The most prevalent criticism of MIDI sequencing is that the sequenced music sounds too machine-like. The problem is not because of MIDI, but in the way that MIDI sequencing is approached. In essence, the basis of a great recording is a great performance, and with MIDI, if properly handled, you have the luxury of crafting nothing but great performances, but it means taking the time to edit every note if necessary. That may sound daunting, but when you add up the time spent doing take after take and factor in performer’s burnout to get the best performance, the time spent is often pretty much the same.
The trick is to observe and understand how the actual instrument that the sample is taken from responds in reality. From there, we use the editing power and real time control (continuous controllers) of MIDI to emulate that response, but that’s only part of it. The secret for making MIDI sound real when it comes to Orchestral MIDI sequencing is not to use the same Instrumentation guidelines you’d use for a real orchestra. This may sound a bit contradictory at first, but realize that samples don’t respond in the context of a sequence the way the actual instrument does in the context of an orchestra in a live reverberant space.
Attack and Sustain
Let’s start with the very first sound an instrument makes: the attack. An instrument’s attack holds a tremendous amount of information including the type of instrument it is (In acoustic studies, subjects were unable to tell the difference between a sustained horn sound and string sound without the instrument’s attack.). What gives away a sample-based orchestral score more than anything are the beginnings of phrases, the embouchure, or attack portion of the sample. Brass, woodwinds, and string attacks are always followed by a slight dip in volume before the sustained sound begins. Apparently, the inventors of synthesizers understood this as well: In an analog synthesizer, we have the means of electronically duplicating the envelope of an acoustic sound in the ADSR section (Attack, Decay, Sustain, Release). The decay is the change in volume between the attack and sustain portion (duration) of the sound (but a preset decay on the sample will perform exactly the same way on each note and will not sound real), while the release determines how long it takes for the sound to die out completely.
How does this apply to our purposes? The first step in creating a realistic orchestral sound is to use the expression pedal of your keyboard to emulate the slight dip in sound between attack and sustain, by de-emphasizing the portion just after the initial attack of nearly every note. As you hit a note, pull back on the volume briefly to create the kind of attack that humans make with their wind or string instruments. Remember, a sound doesn’t just start at full volume: there’s the attack followed by the sustain which starts a bit quieter than the initial attack. This can be performed along with the part, or recorded after the fact as MIDI data. The key is to have the variation that comes with performance. The same applies to the release of the note. Again, use the expression pedal to create a release so that it fits in context with the music. If you have a preset release that that takes three beats to die out, you’ll have a contextual problem if it has to be gone in two beats.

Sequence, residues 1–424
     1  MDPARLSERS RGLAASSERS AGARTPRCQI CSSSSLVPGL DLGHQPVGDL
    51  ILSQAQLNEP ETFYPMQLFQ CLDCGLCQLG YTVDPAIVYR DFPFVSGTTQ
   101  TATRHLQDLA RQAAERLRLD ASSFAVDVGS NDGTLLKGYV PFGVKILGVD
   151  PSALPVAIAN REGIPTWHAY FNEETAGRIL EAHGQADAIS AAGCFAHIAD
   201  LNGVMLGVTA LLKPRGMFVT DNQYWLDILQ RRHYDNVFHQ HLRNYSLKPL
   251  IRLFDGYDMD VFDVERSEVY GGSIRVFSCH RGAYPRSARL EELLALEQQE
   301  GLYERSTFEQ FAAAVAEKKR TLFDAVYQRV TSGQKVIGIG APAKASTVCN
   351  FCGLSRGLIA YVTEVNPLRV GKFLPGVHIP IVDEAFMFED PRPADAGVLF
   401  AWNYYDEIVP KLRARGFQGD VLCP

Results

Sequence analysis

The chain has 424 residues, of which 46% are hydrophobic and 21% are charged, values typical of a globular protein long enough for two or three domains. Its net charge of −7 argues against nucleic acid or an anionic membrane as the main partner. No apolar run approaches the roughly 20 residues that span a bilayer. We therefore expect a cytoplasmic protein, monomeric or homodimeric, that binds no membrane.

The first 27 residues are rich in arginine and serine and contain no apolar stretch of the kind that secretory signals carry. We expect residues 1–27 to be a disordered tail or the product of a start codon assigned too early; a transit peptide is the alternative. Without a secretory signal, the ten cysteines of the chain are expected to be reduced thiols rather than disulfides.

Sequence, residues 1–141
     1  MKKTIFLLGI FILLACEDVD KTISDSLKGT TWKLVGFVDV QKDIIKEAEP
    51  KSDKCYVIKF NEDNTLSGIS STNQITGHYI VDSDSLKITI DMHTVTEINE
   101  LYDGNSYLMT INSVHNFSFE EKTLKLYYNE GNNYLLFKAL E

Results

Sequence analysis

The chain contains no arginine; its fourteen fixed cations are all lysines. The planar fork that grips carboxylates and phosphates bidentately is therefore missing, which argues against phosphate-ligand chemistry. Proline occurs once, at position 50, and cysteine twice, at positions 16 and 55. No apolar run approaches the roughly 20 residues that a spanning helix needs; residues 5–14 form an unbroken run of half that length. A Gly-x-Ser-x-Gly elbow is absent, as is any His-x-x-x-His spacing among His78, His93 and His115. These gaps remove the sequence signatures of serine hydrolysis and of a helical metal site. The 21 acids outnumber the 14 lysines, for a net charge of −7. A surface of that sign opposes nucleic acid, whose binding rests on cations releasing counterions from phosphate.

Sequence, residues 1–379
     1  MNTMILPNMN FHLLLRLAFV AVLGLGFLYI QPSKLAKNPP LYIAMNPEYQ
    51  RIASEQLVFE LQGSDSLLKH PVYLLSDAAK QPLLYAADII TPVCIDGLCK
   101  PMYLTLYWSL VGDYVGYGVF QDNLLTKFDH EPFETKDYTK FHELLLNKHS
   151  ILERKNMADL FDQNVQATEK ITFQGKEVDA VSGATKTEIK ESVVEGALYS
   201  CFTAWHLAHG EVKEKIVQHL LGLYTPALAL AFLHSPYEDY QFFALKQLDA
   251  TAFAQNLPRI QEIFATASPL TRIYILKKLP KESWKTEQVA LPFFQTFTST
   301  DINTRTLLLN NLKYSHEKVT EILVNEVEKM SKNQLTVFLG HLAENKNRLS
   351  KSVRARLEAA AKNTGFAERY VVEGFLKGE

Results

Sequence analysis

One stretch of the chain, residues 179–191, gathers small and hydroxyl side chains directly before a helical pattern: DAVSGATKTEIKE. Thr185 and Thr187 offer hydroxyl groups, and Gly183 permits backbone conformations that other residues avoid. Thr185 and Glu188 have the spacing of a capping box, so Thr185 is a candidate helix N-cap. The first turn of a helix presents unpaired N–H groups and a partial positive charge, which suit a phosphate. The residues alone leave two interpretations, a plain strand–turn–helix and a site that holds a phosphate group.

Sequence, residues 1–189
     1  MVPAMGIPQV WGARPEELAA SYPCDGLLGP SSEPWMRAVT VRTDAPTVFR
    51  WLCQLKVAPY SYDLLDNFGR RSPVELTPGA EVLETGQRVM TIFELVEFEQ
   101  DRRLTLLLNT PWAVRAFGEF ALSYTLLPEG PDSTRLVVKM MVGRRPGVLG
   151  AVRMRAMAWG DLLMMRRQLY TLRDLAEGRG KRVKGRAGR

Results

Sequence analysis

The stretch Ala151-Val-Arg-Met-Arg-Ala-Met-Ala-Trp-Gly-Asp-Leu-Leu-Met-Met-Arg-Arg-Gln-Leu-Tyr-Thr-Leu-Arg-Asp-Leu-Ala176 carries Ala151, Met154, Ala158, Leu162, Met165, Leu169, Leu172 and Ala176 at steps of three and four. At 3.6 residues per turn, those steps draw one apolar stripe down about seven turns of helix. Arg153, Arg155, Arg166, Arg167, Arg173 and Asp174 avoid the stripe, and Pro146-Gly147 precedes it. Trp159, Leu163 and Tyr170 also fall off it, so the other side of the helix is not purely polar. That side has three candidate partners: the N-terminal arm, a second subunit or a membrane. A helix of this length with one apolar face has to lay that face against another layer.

When dealing with marcato strings for example, it’s necessary to understand the sample’s attack and deal with it accordingly. There is a time lag when the attack itself reaches its loudest peak. In this case, quantizing the strings would make them sound late, so it becomes necessary to anticipate the notes. When you perform these kinds of samples, you have to play ahead of the tick (metronome click) or behind, depending on the sample. Listen to the part. Play according to what your ear tells you, not what your hand wants to do in relation to the sequencer’s clock. Quantize nothing when it comes to strings or winds. Drums are a different matter, but don’t fall into the trap of over-quantizing percussion either.
Another trick is to lower the output gain on your samplers themselves. For soft passages where a sound is really exposed, it’s easy to hear the zippering in volume as the part makes its entrance. With the output gain set low, the sensitive, more quiet range where you’d hear zippering is disguised.
To Be Continued…
Performance is just one part of using MIDI to create realistic orchestral renditions. Stay tuned for the next tech tip where we will cover using instrument samples themselves and the point where we abandon traditional orchestral guidelines.